Designed to run on the then-new iPhone, iOS was first known as the iPhone Operating System. It was not until the release of the iPhone 4, in 2010, that it was called iOS. Let’s begin with those early iterations of its life:
iPhone OS 1 – A New Cell Phone Experience
Announced in 2007, Apple’s first iPhone arguably trailed the competition on a feature-by-feature comparison. However, the device with its new iPhone operating system delivered a touchscreen-based user experience that was miles ahead of its competitors like Nokia and Blackberry.
iPhone OS 2 – Open Season for Apps
The big hitter for the second major release of the iPhone was the App Store, which leveraged Apple’s iTunes infrastructure and customer base. Have you downloaded the CBT Nuggets app, yet? The availability of the software developer kit for the OS triggered a flood of third-party applications, all faithfully delivering Apple’s trademark user experience.
iPhone OS 3 – Speak to Your Phone
iPhone OS 3 filled gaps and added usability features like the cut, copy, and paste paradigm. Perhaps the stand-out feature was the use of voice control for actions such as searching for contacts and smartphone dialing. With the 2010 launch of the new iPad tablet, the OS now supported multiple platforms.
iOS 4 – Multitasking the Apple Way
Until 2010, the iPhone OS had been single tasking — users could only do one thing at a time! With this first release to carry the iOS name, Apple introduced a form of multitasking. App developers were able to create parallel background services for things like task completion, saving state, pop-up notifications, and more.
iOS 5 – Siri… Tell Me…
In 2011, cell phone searches changed forever, with iOS 5’s Siri natural language personal assistant! Siri appeared alongside a slew of important features including Notification Center, iMessage, ‘No PC required’ activation, iTunes WiFi Sync, and iCloud.
iOS 6 – Farewell, Google Maps
The 2012 release of iOS version 6 marked the end of Google Maps in iPhone-land! With Apple’s own mapping technology, they cut the iPhone cord to technology from a mortal enemy. iOS 6 also introduced the Passbook feature, which was destined to be a key part of Apple’s Wallet mobile payments offering.
iOS 7 – A New Look
iOS 7 brought a complete overhaul of the iPhone user interface — replacing icons that looked like physical buttons with flattened graphics and a layered look. It was big news here! The release also introduced the Control Center, which mimicked the quick settings feature in Android phones, allowing easy access to settings for Bluetooth, Wi-Fi, and Airplane mode.
iOS 8 – Mostly Continuity…
After the new look of the previous release, iOS 8 was mostly about refinement and extension of existing features. A new capability that stood out was Continuity, which provided users with incredible interactivity between their iPhone, iPad, or Mac computer. Users were able to ‘hand off’ in-progress work — like emails — seamlessly, as they moved from one device to another.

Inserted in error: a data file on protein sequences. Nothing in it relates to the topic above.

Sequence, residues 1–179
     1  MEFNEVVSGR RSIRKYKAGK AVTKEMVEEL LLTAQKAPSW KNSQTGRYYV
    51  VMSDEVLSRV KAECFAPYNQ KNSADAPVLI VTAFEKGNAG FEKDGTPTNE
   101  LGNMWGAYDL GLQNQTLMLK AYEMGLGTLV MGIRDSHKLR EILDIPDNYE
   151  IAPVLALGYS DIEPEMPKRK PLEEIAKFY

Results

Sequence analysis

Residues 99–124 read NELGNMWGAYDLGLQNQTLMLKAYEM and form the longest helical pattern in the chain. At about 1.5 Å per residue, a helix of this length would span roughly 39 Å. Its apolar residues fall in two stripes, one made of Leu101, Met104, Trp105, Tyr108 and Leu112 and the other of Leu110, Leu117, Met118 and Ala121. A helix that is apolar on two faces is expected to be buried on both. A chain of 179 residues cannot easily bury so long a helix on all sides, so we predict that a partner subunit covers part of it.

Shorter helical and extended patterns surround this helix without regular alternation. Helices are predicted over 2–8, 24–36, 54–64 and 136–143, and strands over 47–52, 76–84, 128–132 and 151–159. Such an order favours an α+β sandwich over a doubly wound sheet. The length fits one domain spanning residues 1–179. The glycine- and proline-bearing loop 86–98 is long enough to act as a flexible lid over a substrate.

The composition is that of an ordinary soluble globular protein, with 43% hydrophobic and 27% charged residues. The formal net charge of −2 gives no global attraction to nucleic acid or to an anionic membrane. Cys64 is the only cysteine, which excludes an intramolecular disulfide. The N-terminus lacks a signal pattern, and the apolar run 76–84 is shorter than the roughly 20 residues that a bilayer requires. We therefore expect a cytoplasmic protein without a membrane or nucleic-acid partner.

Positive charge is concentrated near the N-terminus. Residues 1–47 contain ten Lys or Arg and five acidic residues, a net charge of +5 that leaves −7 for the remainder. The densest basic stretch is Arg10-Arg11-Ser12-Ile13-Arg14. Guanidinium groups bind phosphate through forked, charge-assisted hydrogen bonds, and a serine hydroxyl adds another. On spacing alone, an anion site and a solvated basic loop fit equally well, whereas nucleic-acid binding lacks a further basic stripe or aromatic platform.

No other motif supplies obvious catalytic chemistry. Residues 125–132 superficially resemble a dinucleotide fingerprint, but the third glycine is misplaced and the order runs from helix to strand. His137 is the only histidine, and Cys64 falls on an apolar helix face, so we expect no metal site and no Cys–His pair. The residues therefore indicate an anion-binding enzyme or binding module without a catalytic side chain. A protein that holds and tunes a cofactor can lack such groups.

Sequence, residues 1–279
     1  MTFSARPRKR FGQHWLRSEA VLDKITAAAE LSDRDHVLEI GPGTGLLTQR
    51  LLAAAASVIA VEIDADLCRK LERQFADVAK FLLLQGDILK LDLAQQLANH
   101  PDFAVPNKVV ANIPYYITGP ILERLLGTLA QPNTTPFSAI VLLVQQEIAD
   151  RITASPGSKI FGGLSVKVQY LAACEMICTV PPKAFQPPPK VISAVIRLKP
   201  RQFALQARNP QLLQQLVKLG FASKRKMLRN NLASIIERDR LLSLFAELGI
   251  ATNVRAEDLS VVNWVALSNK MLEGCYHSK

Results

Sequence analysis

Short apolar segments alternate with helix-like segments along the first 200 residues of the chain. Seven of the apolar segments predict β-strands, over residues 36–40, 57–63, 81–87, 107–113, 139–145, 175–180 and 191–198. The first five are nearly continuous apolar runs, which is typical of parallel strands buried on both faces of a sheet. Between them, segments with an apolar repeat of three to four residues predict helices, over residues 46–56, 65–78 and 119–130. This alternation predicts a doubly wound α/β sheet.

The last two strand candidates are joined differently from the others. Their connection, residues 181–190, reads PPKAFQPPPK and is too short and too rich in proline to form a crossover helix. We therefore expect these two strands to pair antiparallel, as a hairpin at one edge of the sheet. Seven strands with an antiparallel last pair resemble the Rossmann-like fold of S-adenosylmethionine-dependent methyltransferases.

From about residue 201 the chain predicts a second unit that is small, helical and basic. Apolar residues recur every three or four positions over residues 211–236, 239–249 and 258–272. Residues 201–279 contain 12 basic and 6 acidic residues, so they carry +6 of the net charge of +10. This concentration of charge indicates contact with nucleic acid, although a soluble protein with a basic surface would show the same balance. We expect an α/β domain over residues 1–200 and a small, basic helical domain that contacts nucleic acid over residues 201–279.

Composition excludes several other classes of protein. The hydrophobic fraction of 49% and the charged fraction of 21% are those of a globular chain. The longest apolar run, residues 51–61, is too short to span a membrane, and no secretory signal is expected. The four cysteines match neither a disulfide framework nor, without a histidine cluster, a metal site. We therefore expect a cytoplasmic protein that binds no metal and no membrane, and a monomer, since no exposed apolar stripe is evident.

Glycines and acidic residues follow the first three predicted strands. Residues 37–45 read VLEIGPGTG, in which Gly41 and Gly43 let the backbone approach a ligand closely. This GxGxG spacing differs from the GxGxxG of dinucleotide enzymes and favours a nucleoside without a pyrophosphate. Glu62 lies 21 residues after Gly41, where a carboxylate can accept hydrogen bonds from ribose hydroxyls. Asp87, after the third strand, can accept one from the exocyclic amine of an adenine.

iOS 9 – Improvements, Improvements…
Like iOS 8, this release continued to refine and extend existing features. The stand-out feature we picked was the Content Blocker for the Safari browser, which gave users much more control over what content was displayed and how they were being tracked.
iOS 10 – Biggest Free iOS Update…
iOS 10 was packed with new and improved features, so it was tough to pick the winner from apps like iMessage, Apple Music, Siri, News, Maps, Photos, and Home.
We think the new lock screen and widgets deserved the shout-out! Gone was the ‘slide-to-unlock’ feature! Users were required to use Touch ID, or touch the home button and enter a passcode, meaning their phones were much more secure. Once they’d done that, they would see a customizable array of app or feature widgets. They’d just press on a widget to get a menu of that app’s major functions, or hard press for a ‘Peek and Pop’ into the app.
iOS 11 – 10 Years Old… and Still Getting Better
Now we’re up to date! Version 11 was released in September 2017 several months after the tenth anniversary of the launch of the iPhone and the original iPhone Operating System. Like previous releases, iOS 11 has loads of new and improved features.
We picked the new Control Center as the stand-out feature. Control Center has been completely overhauled and is now user-customizable and enabled with 3D Touch support.
We hope you’ve enjoyed — and agreed with — our choices for best features of each version. If you want to get up to speed on what the latest release of iOS can do for you, check out Anthony Sequeira’s iOS 11 End-User Essentials course!